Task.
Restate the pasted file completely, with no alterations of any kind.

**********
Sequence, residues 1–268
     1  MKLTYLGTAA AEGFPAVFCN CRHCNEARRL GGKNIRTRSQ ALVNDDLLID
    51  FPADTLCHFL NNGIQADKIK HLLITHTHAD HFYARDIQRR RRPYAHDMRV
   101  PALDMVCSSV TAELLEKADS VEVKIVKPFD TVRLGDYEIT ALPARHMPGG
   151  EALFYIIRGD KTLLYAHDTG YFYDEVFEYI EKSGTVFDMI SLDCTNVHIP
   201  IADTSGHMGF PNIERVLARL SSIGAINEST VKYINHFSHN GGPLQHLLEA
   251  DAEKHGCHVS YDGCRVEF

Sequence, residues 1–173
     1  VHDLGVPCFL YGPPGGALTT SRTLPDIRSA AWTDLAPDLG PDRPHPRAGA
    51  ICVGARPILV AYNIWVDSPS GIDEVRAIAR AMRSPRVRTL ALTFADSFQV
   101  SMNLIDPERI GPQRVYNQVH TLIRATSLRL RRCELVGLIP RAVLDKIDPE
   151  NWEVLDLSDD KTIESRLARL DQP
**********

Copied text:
Sequence, residues 1–268
     1  MKLTYLGTAA AEGFPAVFCN CRHCNEARRL GGKNIRTRSQ ALVNDDLLID
    51  FPADTLCHFL NNGIQADKIK HLLITHTHAD HFYARDIQRR RRPYAHDMRV
   101  PALDMVCSSV TAELLEKADS VEVKIVKPFD TVRLGDYEIT ALPARHMPGG
   151  EALFYIIRGD KTLLYAHDTG YFYDEVFEYI EKSGTVFDMI SLDCTNVHIP
   201  IADTSGHMGF PNIERVLARL SSIGAINEST VKYINHFSHN GGPLQHLLEA
   251  DAEKHGCHVS YDGCRVEF

Sequence, residues 1–173
     1  VHDLGVPCFL YGPPGGALTT SRTLPDIRSA AWTDLAPDLG PDRPHPRAGA
    51  ICVGARPILV AYNIWVDSPS GIDEVRAIAR AMRSPRVRTL ALTFADSFQV
   101  SMNLIDPERI GPQRVYNQVH TLIRATSLRL RRCELVGLIP RAVLDKIDPE
   151  NWEVLDLSDD KTIESRLARL DQP